Home buyers are always looking for a bargain. But if you’re really looking to save some dough, consider a sheriff’s sale. As the name suggests, it’s a real estate sale that involves your local authorities. The homes included in these sales are in the foreclosure process, so the mortgage lenders use a sheriff’s sale as a way to recoup their losses.
For buyers, purchasing a foreclosure home might sound like the ultimate boon, but a sheriff’s sale isn’t as cut-and-dry as it might seem. Yes, you can often get a home for a fraction of the market price, but the stipulations and restrictions you must adhere to can back you into a corner if you’re not careful.
Here’s what you need to know about a sheriff’s sale.
What is a sheriff’s sale?
A sheriff’s sale is an auction held by local law enforcement in which it sells off properties that have been repossessed, according to Denise Supplee, operations director at SparkRental.
“When a home in foreclosure gets to the sheriff’s sale, it is at the end of a long foreclosure process. The owner will no longer be able to ‘make good’ on the mortgage that is in arrearage and keep the property,” Supplee says.
The auctions are open to the public and occur when the mortgage lender looks to foreclose on the lien—or legal notice attached to the property title because of an unpaid debt.
What types of properties are part of a sheriff’s sale?
Properties that end up in a sheriff’s sale range from condos to duplexes to single-family homes. But most share one characteristic—they are often in need of some TLC.
“More often than not, a property that ends up on the sheriff’s sale list will be one that has a problem or two or more,” Supplee says.
Paying for a home at auction
Buying a home purchased at auction is much different from a traditional sale. You’ll likely need to put down a money order or certified check for a percentage of the property price, according to Supplee. Of course, this too will vary depending on where you live.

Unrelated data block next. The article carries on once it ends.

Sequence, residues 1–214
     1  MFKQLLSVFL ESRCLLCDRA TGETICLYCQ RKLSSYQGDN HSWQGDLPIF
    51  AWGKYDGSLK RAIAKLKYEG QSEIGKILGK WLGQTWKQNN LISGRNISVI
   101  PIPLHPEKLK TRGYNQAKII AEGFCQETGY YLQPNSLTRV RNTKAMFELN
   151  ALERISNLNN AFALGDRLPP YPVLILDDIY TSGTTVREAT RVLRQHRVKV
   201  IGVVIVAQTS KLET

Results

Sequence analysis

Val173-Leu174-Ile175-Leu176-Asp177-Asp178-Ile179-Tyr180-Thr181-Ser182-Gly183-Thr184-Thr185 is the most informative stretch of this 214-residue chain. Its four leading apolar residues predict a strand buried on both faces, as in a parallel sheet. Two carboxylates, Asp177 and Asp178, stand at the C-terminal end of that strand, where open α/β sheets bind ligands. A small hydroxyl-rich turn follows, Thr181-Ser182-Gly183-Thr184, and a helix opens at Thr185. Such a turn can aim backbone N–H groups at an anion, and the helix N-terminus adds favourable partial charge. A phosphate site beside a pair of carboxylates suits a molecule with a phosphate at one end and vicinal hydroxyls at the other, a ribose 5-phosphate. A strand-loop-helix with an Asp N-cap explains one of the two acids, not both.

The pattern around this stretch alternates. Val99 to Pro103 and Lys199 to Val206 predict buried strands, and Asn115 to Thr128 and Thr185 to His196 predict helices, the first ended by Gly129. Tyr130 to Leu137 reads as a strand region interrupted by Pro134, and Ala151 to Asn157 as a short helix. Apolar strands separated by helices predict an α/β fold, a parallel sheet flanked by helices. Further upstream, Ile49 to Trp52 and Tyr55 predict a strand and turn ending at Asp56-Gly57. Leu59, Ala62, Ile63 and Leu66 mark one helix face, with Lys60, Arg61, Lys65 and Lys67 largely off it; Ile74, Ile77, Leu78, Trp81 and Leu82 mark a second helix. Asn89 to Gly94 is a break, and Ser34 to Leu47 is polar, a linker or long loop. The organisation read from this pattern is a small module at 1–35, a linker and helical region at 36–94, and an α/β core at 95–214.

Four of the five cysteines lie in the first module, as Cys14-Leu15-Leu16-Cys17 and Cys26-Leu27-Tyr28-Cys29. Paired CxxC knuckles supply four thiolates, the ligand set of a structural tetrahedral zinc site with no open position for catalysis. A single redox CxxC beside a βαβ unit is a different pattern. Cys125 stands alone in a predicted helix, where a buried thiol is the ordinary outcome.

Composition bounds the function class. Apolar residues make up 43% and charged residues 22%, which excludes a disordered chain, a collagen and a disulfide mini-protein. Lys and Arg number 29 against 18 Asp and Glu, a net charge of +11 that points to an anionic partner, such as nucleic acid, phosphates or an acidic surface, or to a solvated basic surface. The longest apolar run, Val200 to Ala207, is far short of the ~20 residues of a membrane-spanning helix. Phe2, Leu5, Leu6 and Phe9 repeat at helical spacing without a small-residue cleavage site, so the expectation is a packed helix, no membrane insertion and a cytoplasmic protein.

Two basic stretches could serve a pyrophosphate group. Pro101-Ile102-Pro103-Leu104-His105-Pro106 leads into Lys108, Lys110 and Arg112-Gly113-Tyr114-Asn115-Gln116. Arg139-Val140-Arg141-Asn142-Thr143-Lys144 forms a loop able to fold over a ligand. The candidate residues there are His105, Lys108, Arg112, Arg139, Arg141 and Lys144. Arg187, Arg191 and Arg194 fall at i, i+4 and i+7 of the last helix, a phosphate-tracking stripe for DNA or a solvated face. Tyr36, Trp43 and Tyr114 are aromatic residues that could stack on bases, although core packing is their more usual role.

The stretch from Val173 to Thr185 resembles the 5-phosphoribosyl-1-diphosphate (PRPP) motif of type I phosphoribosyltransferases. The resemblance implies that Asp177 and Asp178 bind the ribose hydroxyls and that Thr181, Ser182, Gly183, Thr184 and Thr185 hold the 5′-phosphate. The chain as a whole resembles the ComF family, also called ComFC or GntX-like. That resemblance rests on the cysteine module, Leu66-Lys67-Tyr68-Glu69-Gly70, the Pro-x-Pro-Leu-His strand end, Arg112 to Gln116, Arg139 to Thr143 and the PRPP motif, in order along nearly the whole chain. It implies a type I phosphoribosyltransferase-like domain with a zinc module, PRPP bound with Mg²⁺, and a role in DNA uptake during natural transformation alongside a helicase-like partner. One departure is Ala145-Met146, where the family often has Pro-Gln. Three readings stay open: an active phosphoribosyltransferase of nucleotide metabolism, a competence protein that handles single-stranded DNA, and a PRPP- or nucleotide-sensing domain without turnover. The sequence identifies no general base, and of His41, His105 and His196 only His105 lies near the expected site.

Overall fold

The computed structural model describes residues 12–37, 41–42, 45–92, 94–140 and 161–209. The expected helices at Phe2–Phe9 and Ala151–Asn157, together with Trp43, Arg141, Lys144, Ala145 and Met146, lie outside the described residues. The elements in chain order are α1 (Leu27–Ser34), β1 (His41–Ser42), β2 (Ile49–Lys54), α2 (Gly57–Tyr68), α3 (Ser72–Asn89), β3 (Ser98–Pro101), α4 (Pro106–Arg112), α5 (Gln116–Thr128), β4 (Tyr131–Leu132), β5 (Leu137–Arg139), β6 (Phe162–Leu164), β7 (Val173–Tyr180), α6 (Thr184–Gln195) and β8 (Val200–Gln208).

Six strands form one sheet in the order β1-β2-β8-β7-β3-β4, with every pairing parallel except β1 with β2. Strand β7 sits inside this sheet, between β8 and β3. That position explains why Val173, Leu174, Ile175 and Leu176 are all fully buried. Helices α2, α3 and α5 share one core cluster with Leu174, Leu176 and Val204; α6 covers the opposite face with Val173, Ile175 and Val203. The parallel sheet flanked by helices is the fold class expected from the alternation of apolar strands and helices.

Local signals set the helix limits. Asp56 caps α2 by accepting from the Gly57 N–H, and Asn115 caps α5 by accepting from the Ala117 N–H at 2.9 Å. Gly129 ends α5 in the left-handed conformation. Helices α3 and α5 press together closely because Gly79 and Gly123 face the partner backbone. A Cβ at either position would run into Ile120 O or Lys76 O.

“Check with the specific county office, as they all have different requirements. For example, personal checks are rarely permitted,” Supplee says.
In addition, it’s important to check to see if the property has any outstanding liens (other than the mortgage lien) before you bid on the home. Why? You may have to bring your own cash to clear the lien or liens, or risk walking away from the deal.
From there, the successful bidder will have 30 days to close on the property, which will include ordering a title search. This quick time frame might not be enough time to obtain a mortgage, though, so if you do need a loan to afford the home, make sure to get pre-qualified and line up a mortgage broker to work with.
If the successful bidder fails to come up with the rest of the purchase price within the 30-day period, the deposit made on the property will be forfeited, says Richard Klass, an attorney in Brooklyn, NY. In that situation, the second-highest bidder will be given the chance to purchase the property.
Should you consider a sheriff’s sale?
On the surface, a sheriff’s sale might look like a terrific bargain, but certain factors can make the process complicated—and way more expensive than you imagined.
In most cases, homes at auction must be purchased sight unseen, so there is a risk involved. As Supplee explains, the homes that reach auction have been foreclosed upon and might have been unoccupied for some time. They will be in various states of disrepair and could need serious (read: expensive) renovations like a new foundation or roof.
“Can you get a good buy? Absolutely,” Supplee says. “However, it may be wise to get a mentor or go to a few auctions just to watch and learn first.”
Because of the likely expense and extent of needed repairs, Supplee does not recommend that a first-time home buyer purchase a property at auction. Even if the bid is successful, the risk is high that a first-time home buyer will not be able to fund the purchase of a sale, and would end up having to forfeit the deposit.
Finding sheriff’s sales near you
Sheriff’s sales are organized and advertised differently depending on where you live and which municipality is in charge of handling the sales. To find out about a sale near you, reach out to your local law enforcement agency for the next sale date.
“Advertisements of auctions are published in newspapers of general circulation,” Klass says.
The sales are usually advertised frequently, so if you don’t see any properties that pique your interest one month, keep scouting.
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